The way I traveled as an 18-year-old college student is not the same way I travel as a 27-year-old full-time writer. The one aspect my two selves have in common is that we are of the Millennial generation, categorized as people currently between the ages of 16 and 34, or anyone born after 1980.
Our parents were lured in by exotic vacations packaged neatly by travel agents that would accommodate their two-weeks' paid time off from their jobs. But with an unemployment rate that's still dogging many of us in the US, Millennials don't have the income to justify those kinds of experiences. We've gotten creative with our lack of funds and non-structured time off. Our needs as travelers have changed as a result.
It may be true that most travelers are looking for some, or all, of the aspects listed below. And not all Millennials fit the mold. But from interacting with new travelers on a daily basis—as well as analyzing my own behaviors abroad—these are the desires I've noted when it comes to the next generation of traveler.
The #1 request on any Millennial traveler's wishlist is for the world to offer free wifi, everywhere. We base our choices on how many outlets a hotel has, which airlines have in-flight entertainment, and which attractions are the most Instagram-worthy. We desire to be constantly connected to the outside world, and in real-time. We've also managed to maintain long-distance friendships with people we've met along the way much more easily than previous generations ever did.
Comforts of home
We don't want to know we're sleeping in a hotel—we want our accommodations to feel familiar. We like hunkering down at "broken-in" spaces—a la AirBnB and, to a lesser extent, CouchSurfing—where we come "home," greeted by roommates, or to a quiet space just for us. We don't want to be bothered by housekeeping knocks at 8 a.m., or inconvenient check-in times. We would rather rent an apartment for a month than stay in a hotel for two weeks. We enjoy feeling like we're a part of the community, and are more likely to accept a homestay as an option.
Authenticity and personal experience
We are driven by the emotional connection of travel. We want to see the Eiffel Tower, but only as a Parisian would see it. We want to eat pasta in Italy, but help make it fresh in the kitchen of a Sicilian grandmother. We choose to sit in trendy cafes for hours, surrounded by locals and unfamiliar languages, rather than pack our trip itineraries with must-see attractions. We are all right with taking a week to drive across the USA, because we know it will result in life-changing personal experiences.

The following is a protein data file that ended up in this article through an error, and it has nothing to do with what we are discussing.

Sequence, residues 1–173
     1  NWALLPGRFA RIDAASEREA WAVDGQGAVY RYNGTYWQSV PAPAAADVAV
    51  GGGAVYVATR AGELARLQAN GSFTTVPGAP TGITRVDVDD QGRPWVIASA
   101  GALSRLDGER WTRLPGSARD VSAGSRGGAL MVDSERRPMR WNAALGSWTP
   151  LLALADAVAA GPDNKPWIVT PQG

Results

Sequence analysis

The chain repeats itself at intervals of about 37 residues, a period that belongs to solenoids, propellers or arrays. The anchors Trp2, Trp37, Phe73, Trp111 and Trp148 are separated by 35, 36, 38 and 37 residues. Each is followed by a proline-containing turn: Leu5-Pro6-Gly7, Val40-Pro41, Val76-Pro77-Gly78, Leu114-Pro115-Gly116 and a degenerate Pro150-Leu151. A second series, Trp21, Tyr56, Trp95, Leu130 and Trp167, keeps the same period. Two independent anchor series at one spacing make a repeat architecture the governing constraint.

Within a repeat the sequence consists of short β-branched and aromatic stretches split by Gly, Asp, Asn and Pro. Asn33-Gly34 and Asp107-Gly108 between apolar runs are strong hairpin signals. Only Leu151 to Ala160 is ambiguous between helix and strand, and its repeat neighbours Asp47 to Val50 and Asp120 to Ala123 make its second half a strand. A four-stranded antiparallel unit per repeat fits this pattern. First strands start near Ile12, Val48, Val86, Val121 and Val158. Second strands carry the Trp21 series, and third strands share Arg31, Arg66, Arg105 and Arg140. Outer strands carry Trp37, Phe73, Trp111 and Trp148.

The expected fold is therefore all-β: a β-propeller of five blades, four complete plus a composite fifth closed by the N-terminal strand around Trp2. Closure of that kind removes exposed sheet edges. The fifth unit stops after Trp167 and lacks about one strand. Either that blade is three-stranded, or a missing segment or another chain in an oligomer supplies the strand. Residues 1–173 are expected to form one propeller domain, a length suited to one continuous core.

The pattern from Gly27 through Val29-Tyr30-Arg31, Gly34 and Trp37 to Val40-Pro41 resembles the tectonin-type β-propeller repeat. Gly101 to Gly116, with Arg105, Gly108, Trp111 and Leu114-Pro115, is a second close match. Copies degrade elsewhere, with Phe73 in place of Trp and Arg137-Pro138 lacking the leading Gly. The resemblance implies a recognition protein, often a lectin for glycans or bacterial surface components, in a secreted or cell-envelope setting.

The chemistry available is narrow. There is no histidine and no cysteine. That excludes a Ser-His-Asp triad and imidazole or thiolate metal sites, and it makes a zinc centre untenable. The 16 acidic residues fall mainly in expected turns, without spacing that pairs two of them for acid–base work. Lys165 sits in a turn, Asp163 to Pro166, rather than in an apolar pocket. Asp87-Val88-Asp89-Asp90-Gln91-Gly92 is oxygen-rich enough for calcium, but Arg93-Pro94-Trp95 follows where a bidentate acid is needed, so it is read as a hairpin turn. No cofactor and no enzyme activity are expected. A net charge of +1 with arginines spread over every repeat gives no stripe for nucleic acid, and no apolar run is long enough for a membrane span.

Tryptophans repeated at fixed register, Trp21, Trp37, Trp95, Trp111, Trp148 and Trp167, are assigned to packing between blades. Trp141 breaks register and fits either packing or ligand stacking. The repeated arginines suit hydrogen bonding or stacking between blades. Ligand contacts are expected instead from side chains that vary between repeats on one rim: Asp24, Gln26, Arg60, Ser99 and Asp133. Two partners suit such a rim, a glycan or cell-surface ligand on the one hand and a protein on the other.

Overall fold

This is a given for most types of travelers, but especially for Millennials. We don't have the income to drop $500 a night on a hotel room, but we still want to feel on top of the world. Our definition of luxury has changed as well. For us, luxury equates to a feeling of ease and low-stress—a taxi ride from the airport instead of using public transportation, or a glass of wine at dinner that isn't the cheapest on the list. We revel in simple touches that aren't part of our daily routine: designer bath products, complimentary Fiji water, in-flight amenities kits.
Independence and permission to explore
Millennials are plotting their own course in every aspect of life—their travel experiences are no different. The next generation of traveler is not looking for a guided or group-tour experience. We want to see the world our way, free of tour managers, of admission tickets, of guidebook recommendations. We don't want to be tethered to a large group, be constricted by a detailed itinerary, or sit on a tour bus for half a day. We are renting cars for easy stop-and-go, collecting our meals from local markets, and soliciting suggestions from social media, as we need them.
Style, and a connection to the creative world
Part of the hostel appeal is that the spaces are decorated in unique, inviting ways. We look for rooms that have been designed by famous artists, or restaurants with signature dishes featuring locally harvested ingredients. We favor catching a live jazz ensemble we've never heard of at an underground club in Prague over an evening at the Moulin Rogue. Our souvenirs include handicrafts, fashion, and utilitarian wares that were designed within the local area.
This article was written by Katka Lapelosa and originally appeared on the Matador Network. It has been republished here with permission. If you liked this article, check these out, too: The 6 Most Significant Changes In Travel In the Last 20 Years, 6 Tips For Explaining Travel To Your Parents, and 6 Things We Stand To Lose By Traveling Too Fast.